Many Americans get their first job working at a fast-food chain. You may have been one of them. If so, you probably remember your first day. Maybe you started at a register. Or perhaps you began in the kitchen. Either way, you had a lot to learn in a short amount of time. Everyone was counting on you to help keep the lines moving. Patience isn’t a virtue in this business, after all.
No, enrolling in Medicare does not cause COBRA to start. Under the federal rules, COBRA must be offered to persons enrolled in the employer’s health plan only if they lose coverage because of certain specific events. Termination of employment is an example of a COBRA qualifying event. Becoming eligible for Medicare, or enrolling in Medicare, is not a COBRA qualifying event.
Running a business comes with no shortage of perks: the freedom to be your own boss, invest in an idea, steer its trajectory, and, with a little luck, create wealth. It has its challenges, too. Competition may be fierce. Demand for what you offer may be low. Costs may not be sustainable. But even if everything else is going your way, there’s one challenge that’s ever-present. We’re talking, of course, about HR compliance.
With the recent addition of Connecticut, eight states and a number of municipalities have passed laws prohibiting race-based hair discrimination, also known as natural hair discrimination. CROWN (Creating a Respectful and Open World for Natural Hair) acts are laws intended to create and enforce legal protections so that employees don’t have to hide their racial identity by changing their natural hair in the workplace.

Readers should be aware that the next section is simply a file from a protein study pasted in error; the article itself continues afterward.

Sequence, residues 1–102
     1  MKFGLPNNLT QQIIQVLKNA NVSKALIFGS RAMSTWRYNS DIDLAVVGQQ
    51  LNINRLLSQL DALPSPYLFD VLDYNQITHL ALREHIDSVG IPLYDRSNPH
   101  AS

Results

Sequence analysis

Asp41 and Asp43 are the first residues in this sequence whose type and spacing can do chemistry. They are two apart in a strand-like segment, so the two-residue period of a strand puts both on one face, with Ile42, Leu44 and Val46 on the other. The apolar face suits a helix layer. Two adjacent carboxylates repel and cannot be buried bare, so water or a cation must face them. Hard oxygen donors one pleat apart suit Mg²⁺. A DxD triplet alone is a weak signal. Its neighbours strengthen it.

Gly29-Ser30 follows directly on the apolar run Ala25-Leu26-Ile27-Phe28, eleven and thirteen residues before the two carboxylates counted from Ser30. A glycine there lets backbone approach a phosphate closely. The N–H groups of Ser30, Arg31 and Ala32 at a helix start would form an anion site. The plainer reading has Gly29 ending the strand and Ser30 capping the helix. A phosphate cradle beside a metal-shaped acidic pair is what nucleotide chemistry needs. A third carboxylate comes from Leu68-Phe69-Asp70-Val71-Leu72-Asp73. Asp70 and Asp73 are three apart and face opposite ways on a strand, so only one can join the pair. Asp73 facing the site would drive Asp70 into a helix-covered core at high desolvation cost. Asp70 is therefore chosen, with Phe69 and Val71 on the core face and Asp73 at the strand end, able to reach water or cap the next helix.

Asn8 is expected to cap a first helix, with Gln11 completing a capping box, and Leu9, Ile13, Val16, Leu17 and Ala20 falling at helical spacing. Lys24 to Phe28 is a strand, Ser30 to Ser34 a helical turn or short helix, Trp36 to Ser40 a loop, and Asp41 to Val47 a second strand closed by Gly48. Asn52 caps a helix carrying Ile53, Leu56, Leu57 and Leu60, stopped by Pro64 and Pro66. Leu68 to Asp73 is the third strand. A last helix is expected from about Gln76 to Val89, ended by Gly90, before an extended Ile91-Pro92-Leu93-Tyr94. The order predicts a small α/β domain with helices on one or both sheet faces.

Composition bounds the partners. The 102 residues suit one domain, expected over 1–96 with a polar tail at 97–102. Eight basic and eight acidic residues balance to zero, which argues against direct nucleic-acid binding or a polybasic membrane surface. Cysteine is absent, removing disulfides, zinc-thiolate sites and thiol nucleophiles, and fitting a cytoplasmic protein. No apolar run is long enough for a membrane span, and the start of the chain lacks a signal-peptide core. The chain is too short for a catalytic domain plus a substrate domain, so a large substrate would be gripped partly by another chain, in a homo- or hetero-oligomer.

How often do you say “thanks” to your team? Daily, occasionally, during an annual review?
Saying thanks and showing appreciation shouldn’t be limited to special occasions. Here are four ways to create a culture of appreciation in your workplace:
With the holidays here and year-end quickly approaching, many businesses will be looking to ramp up their workforce even more for the final holiday push. At least three key challenges exist for any business facing this need: (1) to figure out how much time and effort to invest in seasonal employees without sacrificing customer service and ongoing activities, (2) to motivate seasonal employees on the short-term goals, and (3) to utilize these opportunities to further your and their long-term needs and goals.
Many employers are unaware of state voting leave laws, which we anticipate will be heavily relied upon this year given the challenges presented by the pandemic. Most states require that employers provide at least a few hours off to vote, and many of those require that at least some of that time off be paid. The advance notice that may be required from employees is often minimal, so employers should be prepared to grant last-minute requests to vote.
***Update: On September 14, DHS announced another 30-day extension of this temporary rule. The rule is now set to expire on November 19, 2020.
The physical presence requirement of the Employment Eligibility Verification, Form I-9, requires that employers, or an authorized representative, physically examine, in the employee’s physical presence, the unexpired document(s) the employee presents from the Lists of Acceptable Documents to complete the Documents fields in Form I-9’s Section 2.
The spread of the Coronavirus (COVID-19) has employers rightly concerned about how to handle threats of contagion in the workplace. Along with those worries come concerns about violating other laws in the process of trying to keep the workplace safe. Specifically, the ADA comes to mind; if we send someone home who appears sick, have we then discriminated against someone with a disability? Thankfully, the Equal Employment Opportunity Commission (EEOC) has answered a number of common questions that employers are asking. Additional EEOC guidance can be found here.